It may have been something in the water, but for whatever reason, the '80s were not kind to many of the genius artists of the '70s. Some of them lost their edge and went pop (Genesis) while some just completely lost their minds, and not in a good way (Neil Young). However, these six artists managed to flourish in the '80s and release some of their best work.
Prog-rock in the '70s was mostly contained to England, but Rush was one of the rare North American bands to tackle the genre, doing so with a hard rock intensity that Yes and Genesis often lacked. Though many of its prog peers went into the '80s with their best days behind them, Rush was cleverly morphing itself with the times, incorporating new wave into its sound to create three of its strongest albums: Permanent Waves, Moving Pictures, and Signals.
2. Bruce Springsteen
After bursting onto the scene with some very dense and progressive work in the '70s, Bruce Springsteen's '80s output simultaneously grew darker and more accessible, somehow. He opened the decade with his stellar double LP The River, which he followed with the heartbreaking acoustic classic Nebraska in 1982. In 1984, however, Springsteen would give us his biggest selling album Born in the U.S.A., making him one of the most popular artists on Earth. A case could definitely be made for Springsteen's '80s output being superior to his '70s output, in fact.
Overcoming the death of a band member is difficult enough, but the death of a lead vocalist is something that many bands never manage. AC/DC faced with this dilemma in 1980 when lead singer Bon Scott died after a night of heavy drinking, but instead of calling it quits, the band recruited singer Brian Johnson and just five months later released Back in Black, one of the top five selling albums of all time, and the best-selling hard rock album ever.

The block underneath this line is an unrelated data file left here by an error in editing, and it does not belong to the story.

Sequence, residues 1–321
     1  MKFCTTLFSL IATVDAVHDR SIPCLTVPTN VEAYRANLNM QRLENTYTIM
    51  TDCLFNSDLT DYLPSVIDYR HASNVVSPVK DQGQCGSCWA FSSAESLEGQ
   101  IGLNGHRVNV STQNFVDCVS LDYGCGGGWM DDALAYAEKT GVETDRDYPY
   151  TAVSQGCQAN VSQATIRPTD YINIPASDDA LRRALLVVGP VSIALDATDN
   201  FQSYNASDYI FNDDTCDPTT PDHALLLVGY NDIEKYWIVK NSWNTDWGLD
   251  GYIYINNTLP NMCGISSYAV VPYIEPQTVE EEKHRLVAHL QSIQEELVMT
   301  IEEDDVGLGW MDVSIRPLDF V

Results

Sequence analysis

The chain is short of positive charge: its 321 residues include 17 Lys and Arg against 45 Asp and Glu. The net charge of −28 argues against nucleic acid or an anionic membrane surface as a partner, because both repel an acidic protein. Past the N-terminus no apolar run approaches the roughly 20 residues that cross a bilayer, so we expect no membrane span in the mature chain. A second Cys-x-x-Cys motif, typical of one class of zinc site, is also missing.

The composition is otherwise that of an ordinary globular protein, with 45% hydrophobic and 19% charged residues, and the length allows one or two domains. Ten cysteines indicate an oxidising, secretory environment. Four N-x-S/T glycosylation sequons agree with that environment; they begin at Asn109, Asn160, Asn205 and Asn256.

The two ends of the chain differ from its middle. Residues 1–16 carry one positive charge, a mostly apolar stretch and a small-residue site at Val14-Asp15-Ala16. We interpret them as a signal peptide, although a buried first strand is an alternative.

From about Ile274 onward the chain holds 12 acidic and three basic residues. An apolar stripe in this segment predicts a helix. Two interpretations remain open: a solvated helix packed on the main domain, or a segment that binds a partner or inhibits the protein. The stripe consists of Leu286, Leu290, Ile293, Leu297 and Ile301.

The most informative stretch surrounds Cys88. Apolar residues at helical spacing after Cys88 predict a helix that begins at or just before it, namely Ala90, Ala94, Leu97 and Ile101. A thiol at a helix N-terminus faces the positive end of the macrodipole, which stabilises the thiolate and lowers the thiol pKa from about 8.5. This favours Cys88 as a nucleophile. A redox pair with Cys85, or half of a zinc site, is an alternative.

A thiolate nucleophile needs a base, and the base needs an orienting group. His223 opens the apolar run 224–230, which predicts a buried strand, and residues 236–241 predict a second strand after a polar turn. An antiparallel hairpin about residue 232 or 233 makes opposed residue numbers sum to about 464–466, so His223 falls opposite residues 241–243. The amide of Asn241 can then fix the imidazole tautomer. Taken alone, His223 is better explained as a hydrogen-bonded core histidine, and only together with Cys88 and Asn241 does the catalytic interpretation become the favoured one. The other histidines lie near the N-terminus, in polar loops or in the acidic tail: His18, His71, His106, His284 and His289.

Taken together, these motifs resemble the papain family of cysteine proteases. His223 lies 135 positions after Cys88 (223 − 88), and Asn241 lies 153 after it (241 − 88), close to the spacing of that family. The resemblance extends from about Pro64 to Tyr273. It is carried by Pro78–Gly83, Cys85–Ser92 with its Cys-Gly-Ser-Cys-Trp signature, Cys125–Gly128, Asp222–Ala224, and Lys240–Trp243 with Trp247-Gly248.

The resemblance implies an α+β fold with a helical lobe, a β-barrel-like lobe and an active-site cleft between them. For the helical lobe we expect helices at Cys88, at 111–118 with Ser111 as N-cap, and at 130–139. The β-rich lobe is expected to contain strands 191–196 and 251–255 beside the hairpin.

4. Michael Jackson
To say Michael Jackson did "well" in the '80s is an absurd understatement. Michael Jackson did the best in the '80s. He had been a star ever since the late '60s, but it wasn't until he maintained control of his solo career in the late '70s that he became the world's biggest pop star. 1979's Off The Wall was a huge success, but its 1982 follow-up Thriller would of course become the top selling album in history.
5. Paul Simon
For a while in the '80s, it seemed as if Paul Simon was suffering the same fate as Neil Young or Bob Dylan, a once-great talent whose best days were back in the '60s and '70s. However, in 1986 Simon released Graceland, an immaculate collection of songs inspired by South African music and recorded with South African musicians. It would prove to be his greatest solo album (he believes the title track is the best song he ever wrote) and would win Album of the Year at the Grammys.
6. Brian Eno
Since Brian Eno's priority as a musician was never mainstream acceptance, he was able to ignore all pop trends and continue releasing innovative music well into the '80s, including his ambient works On Land and Apollo: Atmospheres and Soundtracks, as well as his experimental album My Life in the Bush of Ghosts with Talking Head's David Byrne. In addition to his own music, Eno's work was able to make its way into mainstream pop when he co-produced U2's The Unforgettable Fire and The Joshua Tree with Daniel Lanois.
What other artists from the '70s did very well in the '80s? Let us know in the comments section!